The annual joke is that the Best Documentary Short category is routinely the most depressing, miserable, down-right soul-crushing category of any given list of Oscar nominees. Often it is for very good reason: last year’s subjects included the Ebola plague, capital punishment, honor killings and the Holocaust. This years’ nominees are perhaps a little bit lighter if just for the slim offerings of a happy ending offered up by a few. Nevertheless, we’re going to rank them from least to most depressing because I just watched the movie about end-of-life termination and I need some levity.
With four of the nominees widely available online as well as through the Oscar Nominated Shorts packages currently in limited release and on iTunes, there’s no reason to not have seen them before Oscar night!
Not Depressing: JOE’S VIOLIN
Nominees: Kahane Cooperman and Raphaela Neihausen
Review: A Polish Holocaust survivor, Joseph Feingold, donates his 70-year-old violin to an instrument drive that finds new homes within the school system for unused musical instruments. Charting not just Joseph’s experiences with WWII, but also his prized violin and the 13-year-old Bronx student who is gifted the instrument through the Mr. Holland’s Opus foundation, Joe’s Violin offers the required level of misty-eyed spark culminating with a suitably touching meeting between the two violinists. Feels like a pilot for a TV series charting multiple instruments – and, truly, I would watch – but I would have liked its discussions on the importance of music to those across Europe in WWII to be expanded upon. It’s charming and in a field that often errs less towards feel-good, it should be popular with voters.
Depressing at First, and Then Not As Depressing: WATANI – MY HOMELAND
Nominees: Marcel Mettelsiefen and Stephen Ellis
Review: If you watch documentaries regularly then you are probably familiar with stories like these, but this is the first I have seen about the specific cases of Syrian refugees emigrating to Germany. Beginning with the destruction of the home in Aleppo of a Free Syrian Army commander, before jumping forward to their forced migration of his family to Germany after he is kidnapping by ISIS, Watani: My Homeland offers a rare happy ending of sorts for a doc about the Syria crisis. Juxtaposing the mother’s unhappiness with that of her children’s joy at their new home absent of shelling and rubble is particularly rich with the ghostly memory of the father, and his words of regret at destroying his children’s home and future lingering over them. It’s just one story, but it is one I am glad to have witnessed.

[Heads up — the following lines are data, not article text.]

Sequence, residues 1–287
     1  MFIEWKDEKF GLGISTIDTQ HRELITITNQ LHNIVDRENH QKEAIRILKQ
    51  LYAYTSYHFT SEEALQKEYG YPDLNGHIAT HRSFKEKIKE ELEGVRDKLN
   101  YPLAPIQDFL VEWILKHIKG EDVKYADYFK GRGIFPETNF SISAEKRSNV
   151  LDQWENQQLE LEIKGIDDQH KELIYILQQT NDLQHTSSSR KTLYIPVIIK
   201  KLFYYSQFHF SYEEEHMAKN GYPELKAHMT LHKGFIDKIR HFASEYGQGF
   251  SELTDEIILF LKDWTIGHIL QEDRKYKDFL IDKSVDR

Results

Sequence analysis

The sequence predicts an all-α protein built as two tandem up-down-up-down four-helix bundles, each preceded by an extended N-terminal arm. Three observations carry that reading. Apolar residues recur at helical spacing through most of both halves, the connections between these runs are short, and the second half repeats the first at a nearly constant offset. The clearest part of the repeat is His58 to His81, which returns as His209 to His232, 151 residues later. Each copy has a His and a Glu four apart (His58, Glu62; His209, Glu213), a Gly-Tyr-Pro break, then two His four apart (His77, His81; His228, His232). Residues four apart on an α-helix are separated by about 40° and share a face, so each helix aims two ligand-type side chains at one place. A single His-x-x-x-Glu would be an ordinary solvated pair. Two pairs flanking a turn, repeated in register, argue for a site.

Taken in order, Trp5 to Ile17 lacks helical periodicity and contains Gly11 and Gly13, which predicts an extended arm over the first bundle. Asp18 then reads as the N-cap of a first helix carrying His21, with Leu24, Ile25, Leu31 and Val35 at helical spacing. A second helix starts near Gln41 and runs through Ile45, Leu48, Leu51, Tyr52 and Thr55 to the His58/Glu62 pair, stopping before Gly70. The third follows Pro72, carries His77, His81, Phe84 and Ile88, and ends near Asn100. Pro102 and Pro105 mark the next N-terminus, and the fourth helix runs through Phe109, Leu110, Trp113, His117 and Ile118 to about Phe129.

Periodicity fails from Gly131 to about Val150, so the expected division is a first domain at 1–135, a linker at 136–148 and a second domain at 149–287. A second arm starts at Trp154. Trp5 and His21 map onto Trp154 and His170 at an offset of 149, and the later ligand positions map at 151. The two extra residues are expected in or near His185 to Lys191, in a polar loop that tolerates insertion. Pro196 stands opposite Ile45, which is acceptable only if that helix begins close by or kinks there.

Yeah, Depressing: THE WHITE HELMETS
Nominees: Orlando von Einsiedel and Joanna Natesegara
Review: Should a film address controversies about its subjects? That’s the biggest question left lingering after watching The White Helmets. This documentary about the estimated 3000 heroes of the Syrian Civil War known as The White Helmets is perhaps not the place to address the accusations against the humanitarian organisation – some say the campaign against them is another tactic by the Russians to destabilize their influence and efforts – but it feels incomplete without it. If, like me, you have a vague understanding of the subject, you will likely find the subject niggling at the back of your mind. The footage captured is often extraordinary, and it’s no wonder why George Clooney wants to make a film about them, but The White Helmets feels like a missed opportunity. It's like reading an article and thinking the most interesting part wasn't even address.
Oh God, That’s So Depressing: 4.1 MILES
Nominee: Daphne Matziaraki
Review: If you don’t have two hours for the excellent documentary feature nominee Fire at Sea, then this short on the almost exact same subject will leave no less of an impression. Shifting the camera to Lesbos, Greek-born filmmaker Matziaraki’s camera captures the endless stream of refugees that have set across the Mediterranean in search of safety and access to Europe through the eyes of a coast guard whose daily mission it is to save them. While it lacks the formal ingenuity that Fire at Sea’s feature length allows, 4.1 Miles nonetheless captures with uneditorialized and often harrowing honesty the unfolding tragedy and the human faces behind it.
So Depressing. Like, the Most Depressing: EXTREMIS
Nominee: Dan Krauss
Review: The realities of death are thrust to the surface in Dan Krauss’ documentary that eschews cheap sentimentality for an honest portrayal on the sort of conversations that happen each and every day in hospitals - in this case one in Oakland with its high number of African American patients. Focusing in on two of them and their doctor, Extremis bluntly asks its audience to weight their own personal and ethical beliefs, the pros and cons if you want to be crass, of keeping a loved one on life support in the face of extreme odds. Powerful and potent, Krauss’ unobtrusive camera nonetheless captures raw emotions.
As for predictions?
WILL WIN: Joe’s Violin (The Lady in Number 6 won, and this is much better)
COULD WIN: The White Helmets (Easy Netflix availability makes me think it’s very likely)
SHOULD WIN: 4.1 Miles or Extremis